As you might expect, I have driven the XC90 many times since Mom got it, and it is certainly a comfortable car. I especially love the wood trim and the burnt-orange leather. Most XC90s have either black or beige leather, and the color of Mom’s XC90 is so much nicer. It must not have been common, however, as I have never seen another one with this interior.
Mom’s car is absolutely loaded, and according to the sticker, it sold new for north of $50K. In addition to the V8 and Premier leather seats, it also has the Dynaudio sound system, moonroof, heated seats, multi-disc CD, roof rack, and a set of factory chrome wheels which my dad found on eBay last year.
It is a very nice car, and riding in it is pleasant indeed, but I doubt I will purchase it if and when Mom decides to trade it in. I am just not that into either crossovers or SUVs, and as you might expect, this car is a little thirstier than my own V50 with a 2.4L inline five.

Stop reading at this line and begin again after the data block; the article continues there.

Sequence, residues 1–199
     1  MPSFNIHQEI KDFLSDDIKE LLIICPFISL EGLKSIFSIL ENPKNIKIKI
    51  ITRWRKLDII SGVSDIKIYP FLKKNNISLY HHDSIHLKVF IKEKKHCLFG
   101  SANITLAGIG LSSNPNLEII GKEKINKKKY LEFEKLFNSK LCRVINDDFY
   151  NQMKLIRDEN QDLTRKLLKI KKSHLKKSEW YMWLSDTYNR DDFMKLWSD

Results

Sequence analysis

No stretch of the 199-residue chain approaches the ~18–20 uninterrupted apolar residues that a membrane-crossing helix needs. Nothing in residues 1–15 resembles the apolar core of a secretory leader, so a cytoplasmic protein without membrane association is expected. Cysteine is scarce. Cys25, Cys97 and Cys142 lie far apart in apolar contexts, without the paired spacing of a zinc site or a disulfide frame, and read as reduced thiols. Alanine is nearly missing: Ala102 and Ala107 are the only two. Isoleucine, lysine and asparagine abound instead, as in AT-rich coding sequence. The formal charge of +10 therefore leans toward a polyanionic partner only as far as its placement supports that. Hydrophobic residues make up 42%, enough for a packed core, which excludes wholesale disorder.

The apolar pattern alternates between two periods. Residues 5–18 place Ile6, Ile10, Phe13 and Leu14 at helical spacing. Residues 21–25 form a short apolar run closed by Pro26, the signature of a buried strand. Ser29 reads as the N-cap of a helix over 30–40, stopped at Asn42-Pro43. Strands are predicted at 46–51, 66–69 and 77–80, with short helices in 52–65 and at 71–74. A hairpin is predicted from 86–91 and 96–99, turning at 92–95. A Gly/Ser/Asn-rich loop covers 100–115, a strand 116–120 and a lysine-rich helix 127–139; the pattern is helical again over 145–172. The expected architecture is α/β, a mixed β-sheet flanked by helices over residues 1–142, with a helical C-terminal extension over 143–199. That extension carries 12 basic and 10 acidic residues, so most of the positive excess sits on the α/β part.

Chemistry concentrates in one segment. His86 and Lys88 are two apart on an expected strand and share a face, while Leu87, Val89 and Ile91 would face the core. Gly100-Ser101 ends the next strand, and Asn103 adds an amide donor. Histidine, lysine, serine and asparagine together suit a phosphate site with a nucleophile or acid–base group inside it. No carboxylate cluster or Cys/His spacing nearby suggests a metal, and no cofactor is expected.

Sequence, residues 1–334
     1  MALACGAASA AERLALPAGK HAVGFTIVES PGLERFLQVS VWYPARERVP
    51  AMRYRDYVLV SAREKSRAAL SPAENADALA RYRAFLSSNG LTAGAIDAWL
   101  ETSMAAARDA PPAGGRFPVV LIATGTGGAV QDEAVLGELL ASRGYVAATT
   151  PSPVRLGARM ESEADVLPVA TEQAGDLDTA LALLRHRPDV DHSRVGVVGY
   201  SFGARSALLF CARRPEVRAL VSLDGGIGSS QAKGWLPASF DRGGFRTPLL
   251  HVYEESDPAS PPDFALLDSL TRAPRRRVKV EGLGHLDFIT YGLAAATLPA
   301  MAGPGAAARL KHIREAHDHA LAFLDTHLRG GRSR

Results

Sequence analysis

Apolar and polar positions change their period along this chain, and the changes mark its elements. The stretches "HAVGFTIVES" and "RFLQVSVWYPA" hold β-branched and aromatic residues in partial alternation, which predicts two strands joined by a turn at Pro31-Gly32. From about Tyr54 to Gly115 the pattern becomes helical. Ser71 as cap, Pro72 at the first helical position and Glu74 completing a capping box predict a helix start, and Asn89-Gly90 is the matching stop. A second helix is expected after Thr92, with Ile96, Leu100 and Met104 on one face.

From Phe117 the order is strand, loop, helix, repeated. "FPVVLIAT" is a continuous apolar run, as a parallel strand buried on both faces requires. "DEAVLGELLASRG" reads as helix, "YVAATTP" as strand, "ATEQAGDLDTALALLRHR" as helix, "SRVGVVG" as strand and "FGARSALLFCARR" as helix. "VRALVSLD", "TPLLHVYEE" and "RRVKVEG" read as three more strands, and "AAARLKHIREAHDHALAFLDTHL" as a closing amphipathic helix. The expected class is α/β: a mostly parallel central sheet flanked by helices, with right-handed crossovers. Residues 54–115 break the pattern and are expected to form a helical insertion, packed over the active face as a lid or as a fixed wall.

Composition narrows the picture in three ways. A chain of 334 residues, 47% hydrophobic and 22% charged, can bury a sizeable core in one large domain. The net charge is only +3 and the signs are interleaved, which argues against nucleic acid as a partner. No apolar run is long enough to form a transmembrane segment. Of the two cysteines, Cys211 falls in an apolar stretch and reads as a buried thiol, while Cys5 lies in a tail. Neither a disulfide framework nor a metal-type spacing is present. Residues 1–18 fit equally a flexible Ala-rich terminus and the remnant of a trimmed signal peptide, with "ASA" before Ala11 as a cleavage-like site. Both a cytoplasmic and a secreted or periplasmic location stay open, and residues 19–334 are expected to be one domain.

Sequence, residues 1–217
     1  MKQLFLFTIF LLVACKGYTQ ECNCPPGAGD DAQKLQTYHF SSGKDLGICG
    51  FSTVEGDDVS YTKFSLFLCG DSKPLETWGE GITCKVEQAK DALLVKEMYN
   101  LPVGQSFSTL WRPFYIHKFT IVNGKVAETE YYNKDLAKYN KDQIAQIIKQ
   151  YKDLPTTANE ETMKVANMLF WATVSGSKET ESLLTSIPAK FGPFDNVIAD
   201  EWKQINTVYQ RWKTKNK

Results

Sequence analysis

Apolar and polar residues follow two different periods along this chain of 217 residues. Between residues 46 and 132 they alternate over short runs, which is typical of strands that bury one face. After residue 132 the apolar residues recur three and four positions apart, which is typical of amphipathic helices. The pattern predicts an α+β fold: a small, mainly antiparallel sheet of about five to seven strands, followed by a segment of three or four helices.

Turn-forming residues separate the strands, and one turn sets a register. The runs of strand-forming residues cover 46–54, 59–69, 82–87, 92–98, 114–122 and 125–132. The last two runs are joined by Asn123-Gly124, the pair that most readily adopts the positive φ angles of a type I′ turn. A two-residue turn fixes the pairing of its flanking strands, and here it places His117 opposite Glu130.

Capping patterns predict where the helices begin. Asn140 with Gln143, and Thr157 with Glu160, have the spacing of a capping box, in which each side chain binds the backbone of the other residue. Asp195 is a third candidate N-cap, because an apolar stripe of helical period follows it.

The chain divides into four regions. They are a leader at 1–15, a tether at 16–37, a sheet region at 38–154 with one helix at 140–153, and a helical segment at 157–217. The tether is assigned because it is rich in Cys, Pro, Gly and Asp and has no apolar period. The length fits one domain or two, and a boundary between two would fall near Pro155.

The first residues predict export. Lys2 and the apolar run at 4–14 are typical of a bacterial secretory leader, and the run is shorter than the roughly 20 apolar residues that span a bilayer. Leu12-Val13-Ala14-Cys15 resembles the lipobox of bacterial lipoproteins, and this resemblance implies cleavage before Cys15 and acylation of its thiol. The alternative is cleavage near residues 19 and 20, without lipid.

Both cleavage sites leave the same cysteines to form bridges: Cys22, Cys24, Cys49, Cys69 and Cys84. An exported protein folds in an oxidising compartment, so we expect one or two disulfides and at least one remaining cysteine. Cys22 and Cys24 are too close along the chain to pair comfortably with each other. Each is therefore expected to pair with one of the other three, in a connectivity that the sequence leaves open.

The XC90 did come with third row seating, but it has never been needed, and has been folded flat almost from the day my dad brought it home from the dealership. And unlike the 1995 Grand Cherokee Orvis my dad once owned, there is good legroom for rear-seat passengers. I remember the Jeep being just a little tight for me–and at 5′ 10″ I am hardly a basketball player!
However, it is not likely going anywhere any time soon. Over the past couple years, my dad has broached the subject of getting Mom a newer one, and she has steadfastly refused. “I like my car, you can’t get the V8 any more, and a 2014 looks exactly like the one I already have!” Hard to argue with logic like that, and with the way my parents take care of their cars, it will be a valued family truckster for years to come!